Interview with Joseph Rink (JR)
Conducted by Michael Miller (MM)
July, 2000, Kendal, Saskatchewan
Transcribed by Aaron Johnson
Editing and proofreading by Peter Eberle and Reverend Marvin Hartmann
Prairie Public Collection
JR: Ok my name is Joe Rink, and this is Kendal. My grandfather Rink came here in 1906. Originally he came to the US around Rugby because he already had a daughter married to Frank (Ristling…A7) and then from there he came up to (Capel…A8) and from Capel to this area and he took up a homestead in 1906. My dad was, shortly after was old enough to take also a homestead and so he had a homestead next to my grandfather’s north of Kendal about six miles. And when my dad got married in 1913 he married another Elsass lady who grew up in (Bybank…A13) and her last name was Kuntz They farmed about two miles south of (Bybank…A14) Like her parents, my grandfather. Also in town here there lived, in my young time, there lived a Ripplinger and his wife was a Kuntz also from Elsass and she was my mother’s aunt. She was a sister to my grandfather John Kuntz.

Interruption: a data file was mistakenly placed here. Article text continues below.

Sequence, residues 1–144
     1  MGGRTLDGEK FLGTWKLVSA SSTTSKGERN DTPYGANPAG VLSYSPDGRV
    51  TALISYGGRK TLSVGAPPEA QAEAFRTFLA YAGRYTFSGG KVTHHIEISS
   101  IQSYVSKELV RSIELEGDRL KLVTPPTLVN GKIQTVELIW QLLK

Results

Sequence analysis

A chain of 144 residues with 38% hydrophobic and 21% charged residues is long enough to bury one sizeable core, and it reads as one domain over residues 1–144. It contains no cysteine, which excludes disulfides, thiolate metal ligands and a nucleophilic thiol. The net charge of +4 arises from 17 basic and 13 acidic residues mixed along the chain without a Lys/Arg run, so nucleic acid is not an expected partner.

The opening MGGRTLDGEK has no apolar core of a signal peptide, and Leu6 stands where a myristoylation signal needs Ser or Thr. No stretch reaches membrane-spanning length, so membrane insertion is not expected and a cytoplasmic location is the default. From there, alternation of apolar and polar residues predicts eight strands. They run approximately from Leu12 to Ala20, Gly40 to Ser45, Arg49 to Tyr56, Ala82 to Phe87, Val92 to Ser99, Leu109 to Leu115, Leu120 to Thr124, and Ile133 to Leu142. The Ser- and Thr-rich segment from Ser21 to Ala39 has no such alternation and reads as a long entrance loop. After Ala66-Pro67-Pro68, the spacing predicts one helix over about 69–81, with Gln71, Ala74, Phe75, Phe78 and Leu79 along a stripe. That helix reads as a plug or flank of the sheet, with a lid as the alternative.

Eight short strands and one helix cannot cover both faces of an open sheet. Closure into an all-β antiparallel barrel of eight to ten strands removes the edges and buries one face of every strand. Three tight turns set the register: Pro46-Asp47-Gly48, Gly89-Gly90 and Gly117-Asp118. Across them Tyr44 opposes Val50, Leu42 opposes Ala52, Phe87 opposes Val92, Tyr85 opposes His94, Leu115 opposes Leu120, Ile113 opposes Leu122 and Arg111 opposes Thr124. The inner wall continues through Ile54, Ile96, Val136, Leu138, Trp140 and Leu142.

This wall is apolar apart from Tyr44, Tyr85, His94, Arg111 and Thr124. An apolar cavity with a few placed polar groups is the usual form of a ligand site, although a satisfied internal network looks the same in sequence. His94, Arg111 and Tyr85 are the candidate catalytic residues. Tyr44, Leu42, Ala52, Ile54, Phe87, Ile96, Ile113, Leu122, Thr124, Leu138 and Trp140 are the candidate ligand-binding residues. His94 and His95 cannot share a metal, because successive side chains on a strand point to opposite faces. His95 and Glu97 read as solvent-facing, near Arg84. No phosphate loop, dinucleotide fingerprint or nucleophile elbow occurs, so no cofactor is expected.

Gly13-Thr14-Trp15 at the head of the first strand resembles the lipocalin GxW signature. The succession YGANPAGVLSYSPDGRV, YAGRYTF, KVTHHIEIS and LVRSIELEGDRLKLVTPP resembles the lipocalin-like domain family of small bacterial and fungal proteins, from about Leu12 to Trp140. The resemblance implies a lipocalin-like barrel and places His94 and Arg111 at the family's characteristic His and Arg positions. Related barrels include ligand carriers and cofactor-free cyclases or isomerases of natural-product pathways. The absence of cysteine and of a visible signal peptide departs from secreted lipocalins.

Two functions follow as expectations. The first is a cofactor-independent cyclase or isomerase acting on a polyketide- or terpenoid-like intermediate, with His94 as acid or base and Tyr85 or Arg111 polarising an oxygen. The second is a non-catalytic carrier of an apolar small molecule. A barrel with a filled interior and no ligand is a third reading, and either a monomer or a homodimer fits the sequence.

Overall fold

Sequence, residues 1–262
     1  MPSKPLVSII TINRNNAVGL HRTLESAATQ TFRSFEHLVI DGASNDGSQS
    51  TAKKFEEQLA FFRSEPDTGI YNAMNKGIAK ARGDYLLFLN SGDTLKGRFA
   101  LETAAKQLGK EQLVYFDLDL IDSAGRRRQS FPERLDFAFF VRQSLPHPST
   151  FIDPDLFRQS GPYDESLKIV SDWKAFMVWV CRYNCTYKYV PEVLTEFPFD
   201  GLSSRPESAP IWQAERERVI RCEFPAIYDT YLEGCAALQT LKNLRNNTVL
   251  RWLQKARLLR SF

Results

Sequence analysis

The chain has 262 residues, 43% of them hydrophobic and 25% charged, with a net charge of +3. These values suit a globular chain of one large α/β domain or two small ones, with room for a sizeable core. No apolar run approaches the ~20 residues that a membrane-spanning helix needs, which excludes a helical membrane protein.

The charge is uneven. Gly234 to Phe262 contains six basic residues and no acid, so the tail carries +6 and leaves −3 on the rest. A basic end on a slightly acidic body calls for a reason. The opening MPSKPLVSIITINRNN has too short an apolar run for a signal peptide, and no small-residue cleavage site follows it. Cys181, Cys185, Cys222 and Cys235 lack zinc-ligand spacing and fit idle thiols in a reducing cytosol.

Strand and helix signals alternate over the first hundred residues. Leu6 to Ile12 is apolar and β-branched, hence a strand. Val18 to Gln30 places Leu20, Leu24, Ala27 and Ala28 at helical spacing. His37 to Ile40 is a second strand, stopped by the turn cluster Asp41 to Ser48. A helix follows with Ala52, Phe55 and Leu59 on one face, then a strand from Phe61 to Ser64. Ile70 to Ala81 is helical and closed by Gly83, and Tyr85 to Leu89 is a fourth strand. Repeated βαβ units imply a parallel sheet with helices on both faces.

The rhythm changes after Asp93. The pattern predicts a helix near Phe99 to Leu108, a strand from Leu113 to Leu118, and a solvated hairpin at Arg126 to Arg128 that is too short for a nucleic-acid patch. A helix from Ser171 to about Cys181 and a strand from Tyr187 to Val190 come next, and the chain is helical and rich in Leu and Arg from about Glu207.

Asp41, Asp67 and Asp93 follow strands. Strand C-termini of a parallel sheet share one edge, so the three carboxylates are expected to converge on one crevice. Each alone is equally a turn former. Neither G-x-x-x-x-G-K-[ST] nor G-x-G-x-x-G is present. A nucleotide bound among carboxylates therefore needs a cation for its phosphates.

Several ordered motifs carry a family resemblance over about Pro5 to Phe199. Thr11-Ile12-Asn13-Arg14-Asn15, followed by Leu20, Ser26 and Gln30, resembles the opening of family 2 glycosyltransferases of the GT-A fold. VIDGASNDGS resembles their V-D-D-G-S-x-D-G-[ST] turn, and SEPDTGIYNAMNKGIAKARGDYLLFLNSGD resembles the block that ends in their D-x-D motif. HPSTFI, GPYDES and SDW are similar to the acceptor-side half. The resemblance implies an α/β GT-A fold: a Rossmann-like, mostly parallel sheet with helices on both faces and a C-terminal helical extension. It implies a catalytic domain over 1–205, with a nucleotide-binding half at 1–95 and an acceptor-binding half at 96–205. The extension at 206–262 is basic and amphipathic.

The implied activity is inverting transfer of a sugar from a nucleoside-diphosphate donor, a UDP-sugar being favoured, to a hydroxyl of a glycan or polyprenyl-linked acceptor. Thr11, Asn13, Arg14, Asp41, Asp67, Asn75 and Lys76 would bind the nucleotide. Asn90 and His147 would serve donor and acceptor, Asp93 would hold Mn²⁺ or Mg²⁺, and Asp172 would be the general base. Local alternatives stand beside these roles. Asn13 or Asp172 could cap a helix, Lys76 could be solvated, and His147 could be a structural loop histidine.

MM: Your father came over to North America first into North Dakota.
JR: Around Rugby.
MM: How many children where there, he came with his parents, and about how old was he?
JR: Well when he came oh he was born in…I don’t really remember how old he was but he…there was one, two, three, my dad had one brother and two sisters that came at the time and my uncle Anton who was older preceded him. He came up north, as a matter of fact he came from Rugby; he had enough money to get to the border and he walked from the US border all the way to (Capel…A28) where he knew some people.
MM: How far was that?
JR: Oh gosh from the US border up to here how far would that be, about 150 miles maybe. The originally my grandfather Rink they built a church about eight miles north of here and they called it (Mariental…A31) because some of the Knolls who lived up there and still live up there came from (Mariental…A33) in Russia. So that’s how they arrived at that name.